…the debate between biological determinism and cultural or social constructionism [… has] delimited the field by creating false oppositions (aligning the biological with what is fixed, universal, and given, and the cultural with what is temporary, relative, and constructed). I would argue that emotions involve the materialisation of bodies, and hence show the instability of ‘the biological’ and 'the cultural’ as ways of understanding the body.
—  Sara Ahmed, The Cultural Politics of Emotion, p. 17n10
Social constructivism.

Social constructivism is a sociological theory of knowledge that applies the general philosophical constructivism into social settings, wherein groups construct knowledge for one another, collaboratively creating a small culture of shared artifacts with shared meanings. When one is immersed within a culture of this sort, one is learning all the time about how to be a part of that culture on many levels. Its origins are largely attributed to Lev Vygotsky.

Social constructivism is closely related to social constructionism in the sense that people are working together to construct artifacts. However, there is an important difference: social constructionism focuses on the artifacts that are created through the social interactions of a group, while social constructivism focuses on an individual’s learning that takes place because of their interactions in a group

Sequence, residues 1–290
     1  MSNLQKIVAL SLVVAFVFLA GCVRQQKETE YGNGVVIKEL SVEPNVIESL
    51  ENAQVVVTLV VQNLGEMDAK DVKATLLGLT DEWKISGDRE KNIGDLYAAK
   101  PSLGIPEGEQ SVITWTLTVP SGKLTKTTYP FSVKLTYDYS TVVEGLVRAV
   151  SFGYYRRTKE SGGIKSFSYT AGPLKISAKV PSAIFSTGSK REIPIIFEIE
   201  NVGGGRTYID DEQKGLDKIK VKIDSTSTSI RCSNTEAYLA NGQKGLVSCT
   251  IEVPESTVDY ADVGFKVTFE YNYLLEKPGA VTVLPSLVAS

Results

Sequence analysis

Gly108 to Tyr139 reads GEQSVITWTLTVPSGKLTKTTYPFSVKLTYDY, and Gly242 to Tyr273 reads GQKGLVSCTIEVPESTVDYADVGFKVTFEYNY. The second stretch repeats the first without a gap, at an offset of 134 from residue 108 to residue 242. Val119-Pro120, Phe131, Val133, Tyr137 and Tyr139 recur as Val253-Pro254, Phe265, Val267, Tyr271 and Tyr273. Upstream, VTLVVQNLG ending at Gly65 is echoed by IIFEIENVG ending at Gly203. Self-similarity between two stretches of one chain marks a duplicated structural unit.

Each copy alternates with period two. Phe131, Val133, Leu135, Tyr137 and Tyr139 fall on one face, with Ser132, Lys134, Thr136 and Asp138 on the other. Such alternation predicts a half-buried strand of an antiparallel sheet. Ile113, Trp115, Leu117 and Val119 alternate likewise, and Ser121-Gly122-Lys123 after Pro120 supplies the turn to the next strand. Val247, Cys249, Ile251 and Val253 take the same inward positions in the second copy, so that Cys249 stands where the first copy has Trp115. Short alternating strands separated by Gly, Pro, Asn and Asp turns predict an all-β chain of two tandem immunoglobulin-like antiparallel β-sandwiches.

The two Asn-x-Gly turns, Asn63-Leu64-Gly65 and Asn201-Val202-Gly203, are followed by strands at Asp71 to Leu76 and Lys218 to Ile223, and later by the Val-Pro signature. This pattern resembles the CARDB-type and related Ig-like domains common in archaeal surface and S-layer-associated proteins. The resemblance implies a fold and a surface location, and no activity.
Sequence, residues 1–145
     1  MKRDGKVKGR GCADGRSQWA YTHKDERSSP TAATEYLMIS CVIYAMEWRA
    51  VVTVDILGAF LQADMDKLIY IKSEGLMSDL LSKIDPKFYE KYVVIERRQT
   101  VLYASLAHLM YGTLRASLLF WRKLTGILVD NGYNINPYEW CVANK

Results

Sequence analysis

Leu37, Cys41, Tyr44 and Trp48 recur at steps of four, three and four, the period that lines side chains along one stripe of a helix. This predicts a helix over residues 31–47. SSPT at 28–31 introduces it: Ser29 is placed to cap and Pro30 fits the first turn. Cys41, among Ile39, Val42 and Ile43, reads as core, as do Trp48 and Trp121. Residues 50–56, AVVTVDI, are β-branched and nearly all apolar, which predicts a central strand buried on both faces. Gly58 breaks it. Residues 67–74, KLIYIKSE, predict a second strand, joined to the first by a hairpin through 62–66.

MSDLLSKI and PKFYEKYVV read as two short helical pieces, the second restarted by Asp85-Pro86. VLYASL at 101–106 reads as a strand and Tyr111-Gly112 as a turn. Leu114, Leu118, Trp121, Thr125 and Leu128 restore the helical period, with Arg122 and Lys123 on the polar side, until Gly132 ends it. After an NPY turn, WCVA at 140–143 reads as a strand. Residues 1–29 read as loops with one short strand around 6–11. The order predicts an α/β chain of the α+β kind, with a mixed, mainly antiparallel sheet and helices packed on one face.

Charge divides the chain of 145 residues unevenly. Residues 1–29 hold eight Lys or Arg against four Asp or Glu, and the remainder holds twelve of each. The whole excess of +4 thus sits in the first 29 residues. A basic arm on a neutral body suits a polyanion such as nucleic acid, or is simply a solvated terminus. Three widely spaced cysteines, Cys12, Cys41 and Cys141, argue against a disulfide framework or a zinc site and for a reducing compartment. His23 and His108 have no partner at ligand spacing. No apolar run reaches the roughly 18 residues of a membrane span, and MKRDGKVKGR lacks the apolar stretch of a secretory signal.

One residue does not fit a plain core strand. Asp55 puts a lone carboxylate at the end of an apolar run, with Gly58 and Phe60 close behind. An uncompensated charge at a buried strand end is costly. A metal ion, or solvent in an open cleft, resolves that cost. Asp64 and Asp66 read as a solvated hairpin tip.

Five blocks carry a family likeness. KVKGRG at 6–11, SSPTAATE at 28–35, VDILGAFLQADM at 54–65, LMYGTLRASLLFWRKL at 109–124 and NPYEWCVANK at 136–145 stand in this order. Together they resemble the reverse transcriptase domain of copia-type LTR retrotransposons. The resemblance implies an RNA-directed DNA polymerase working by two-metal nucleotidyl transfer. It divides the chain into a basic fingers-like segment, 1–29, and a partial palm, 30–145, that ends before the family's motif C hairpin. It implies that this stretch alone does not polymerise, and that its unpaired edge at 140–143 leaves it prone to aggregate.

onlinecounsellingcollege’s Myths about Soul Mates: Olitz Edition

NB: Taken from this post by @onlinecounsellingcollege​, but re-formatted and Olitz-ified :o):


MYTH 1: “The relationship should be natural, easy and uncomplicated"

WELL ACTUALLY… “The truth is that all relationships take time, effort, commitment and energy. You need to make time for each other, to do fun things together, to work on communication, and to learn to negotiate and compromise.“


MYTH 2: “The relationship should be conflict free”

WELL ACTUALLY…”Because we are each individual and unique we all disagree with others at times, so conflict is natural, and not to be feared. In fact, conflict can force us to confront our differences, and to grow as individuals, and as couples too.”


MYTH 3: “Soul mates are romantic.”

WELL ACTUALLY: “Real life is not the movies, and love can be expressed in countless different ways, and still be genuine. Look out for all the signs that show your partner cares, and don’t be disappointed if they’re not ‘the stereotype’. Don’t force them to be something that is maybe not their style.”


MYTH 4: “You should always see things the same way and have the same opinions, outlooks and beliefs.”

WELL ACTUALLY… “You both have different backgrounds and have individual brains so you’re going to sometimes differ in the way you look at life. That needn’t be a problem – you don’t want to be clones.”


MYTH 5: “My soul mate will always like and love me.”

WELL ACTUALLY… “Consideration, respect and a concern for your partner are symptoms of a loving relationship. But being rude and disrespectful or irresponsible are not endearing qualities that build relationships. Instead, we need to give to get – as it’s not ‘all about me’”.